I am newly diagnosed type 1…I forgot to take my nighttime Lantus last night before bed. What do you do if you forget your basal dose??
Are you on one or two injections a day? A general approach would be to take a late injection with a dose that is proportional to the remaining part of the day. So if your dose is 8 hours late, then there are 16 hours remaining in the day and you should take a dose that is 16/24 (2/3) of your normal dose. You may need to bolus corrections during the morning if you go high and then be alert to possible lows in the evening. This advice is based on the advice given in this guide on how to adjust insulin in adjusting to travel between time zones.
I’m on Apidra bolus doses 3x/day with meals and Lantus before bed. Thanks so much for your response!
I missed my night time dose of Lantus but realized it after breakfast. Took half my usual dose then, monitored closely for the rest of the day. Worked out okay but sure hope I don’t do it again!!
@JCVillafranca Hello! getting in the routine is something I have always struggled with h20 years in! Many people have well planned techniques like setting phone/watch alarms, keeping basal insulin on bedside table, etc. @Brian_BSC had some great technical info.
I recently switched to a new long acting that is a 42 hour insulin which allows a 12 hour variance in dosage timing. Sooo, as forgetful as I may be, if I failed to dose at night and realize it in the morning I can inject as normal with no implications. It has been one of my favorite insulin advances in my years of diabetes!
And the other “doh” moment we all make at some point is to take short acting instead of long acting or vice versa. We have all been on the kitchen floor at some point in our diabetes career treating a low from taking a mega dose of short acting we grabbed exhaustedly mistaking for long acting. I am assuming your apidra is a vial and lantus a pen? That makes it a bit easier!!
I am certain your missed lantus will work out. Keep us posted! Have a great day!
If I forgot my Lantus at night and didn’t think about it until the next morning, I’d just skip the Lantus for that 24 hour period, make corrections with my fast-acting insulin at meal times and perhaps once between meals if the BG got too high.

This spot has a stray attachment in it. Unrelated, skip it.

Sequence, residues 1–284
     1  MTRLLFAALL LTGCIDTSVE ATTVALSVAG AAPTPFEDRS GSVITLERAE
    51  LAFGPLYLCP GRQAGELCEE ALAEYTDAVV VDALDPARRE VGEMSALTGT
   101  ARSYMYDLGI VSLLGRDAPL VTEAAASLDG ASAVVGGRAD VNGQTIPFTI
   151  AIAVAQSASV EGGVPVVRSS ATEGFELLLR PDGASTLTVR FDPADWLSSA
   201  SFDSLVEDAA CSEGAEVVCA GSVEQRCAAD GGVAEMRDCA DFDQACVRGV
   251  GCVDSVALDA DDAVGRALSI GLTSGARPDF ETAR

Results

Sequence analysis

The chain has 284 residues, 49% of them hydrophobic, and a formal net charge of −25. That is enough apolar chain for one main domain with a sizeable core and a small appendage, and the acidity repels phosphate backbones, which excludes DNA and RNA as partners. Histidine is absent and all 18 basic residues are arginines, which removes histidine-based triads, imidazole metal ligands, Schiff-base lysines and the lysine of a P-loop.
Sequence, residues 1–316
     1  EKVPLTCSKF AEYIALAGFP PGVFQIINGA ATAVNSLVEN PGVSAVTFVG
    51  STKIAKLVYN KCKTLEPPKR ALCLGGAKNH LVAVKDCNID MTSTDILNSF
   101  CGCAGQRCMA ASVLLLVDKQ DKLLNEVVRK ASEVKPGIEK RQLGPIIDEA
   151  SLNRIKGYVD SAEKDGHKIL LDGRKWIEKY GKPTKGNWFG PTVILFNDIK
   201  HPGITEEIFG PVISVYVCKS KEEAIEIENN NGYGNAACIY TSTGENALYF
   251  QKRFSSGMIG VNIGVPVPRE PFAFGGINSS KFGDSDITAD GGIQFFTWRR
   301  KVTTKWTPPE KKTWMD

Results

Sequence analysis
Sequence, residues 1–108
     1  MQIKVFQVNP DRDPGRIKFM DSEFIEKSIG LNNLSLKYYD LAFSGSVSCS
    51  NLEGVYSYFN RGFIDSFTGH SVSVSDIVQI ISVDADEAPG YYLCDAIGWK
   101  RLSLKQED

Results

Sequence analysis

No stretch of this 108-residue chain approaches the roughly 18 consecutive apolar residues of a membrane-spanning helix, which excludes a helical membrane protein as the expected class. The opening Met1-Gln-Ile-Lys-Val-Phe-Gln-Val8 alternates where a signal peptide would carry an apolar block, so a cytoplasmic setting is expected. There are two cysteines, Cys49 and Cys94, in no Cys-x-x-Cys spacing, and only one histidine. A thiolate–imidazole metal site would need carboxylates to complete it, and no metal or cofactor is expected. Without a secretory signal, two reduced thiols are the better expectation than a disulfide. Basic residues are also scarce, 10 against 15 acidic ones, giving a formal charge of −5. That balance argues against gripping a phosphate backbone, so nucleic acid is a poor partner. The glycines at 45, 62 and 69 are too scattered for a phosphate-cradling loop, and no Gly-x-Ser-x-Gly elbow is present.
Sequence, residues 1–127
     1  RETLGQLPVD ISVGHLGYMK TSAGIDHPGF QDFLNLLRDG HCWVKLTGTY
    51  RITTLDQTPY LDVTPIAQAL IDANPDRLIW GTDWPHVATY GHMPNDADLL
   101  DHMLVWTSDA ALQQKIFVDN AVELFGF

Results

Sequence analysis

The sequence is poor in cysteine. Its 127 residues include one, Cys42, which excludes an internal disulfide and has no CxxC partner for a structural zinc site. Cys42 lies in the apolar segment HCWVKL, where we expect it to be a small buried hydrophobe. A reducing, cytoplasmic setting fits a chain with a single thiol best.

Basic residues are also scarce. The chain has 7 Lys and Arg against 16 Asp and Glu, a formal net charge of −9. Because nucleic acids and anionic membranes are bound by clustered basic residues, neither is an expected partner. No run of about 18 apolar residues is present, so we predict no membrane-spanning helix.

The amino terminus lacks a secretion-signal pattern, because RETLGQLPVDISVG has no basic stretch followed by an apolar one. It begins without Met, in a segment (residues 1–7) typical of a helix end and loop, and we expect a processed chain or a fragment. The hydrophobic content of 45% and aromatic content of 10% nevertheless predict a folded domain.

Here is how I’d get a basic idea of how fast my BG might go up due to lack of Lantus. I take 8 units of Lantus a day. With my fast-acting insulin, I have a correction factor of 42 (my BG is lowered by 42 points for each unit of insulin) and with another fast-acting my correction factor is 34. We don’t know exactly how much Lantus lowers the BG, but if I assume it is roughly between 34 and 42 points per unit, that means my usual 8 units would lower my BG between 272 and 336 points in 24 hours or between 11 and 14 points per hour. Having a rough idea of how much my BG would likely rise per hour during a time without the basal in my body would give me a better idea of when a realistic time would be to check to see if my BG is out of line with where I’d expect it to be after a meal or whenever I felt the need to check.
I might take the whole dose in the morning. You could take out the box insert to see how it dispenses to blood. That information is on a graph with the bottom being time since shot and the height being the amount going into the blood at that time. Your doctor could tell you what they want.
I used to have a hard time remembering my basal dose. Now, when I’m getting ready for bed and I put my sleeping shorts on, I always give myself the shot right then. I even started taking sleeping shorts with me when I travel so I can maintain the routine. I haven’t missed a dose since I started doing this.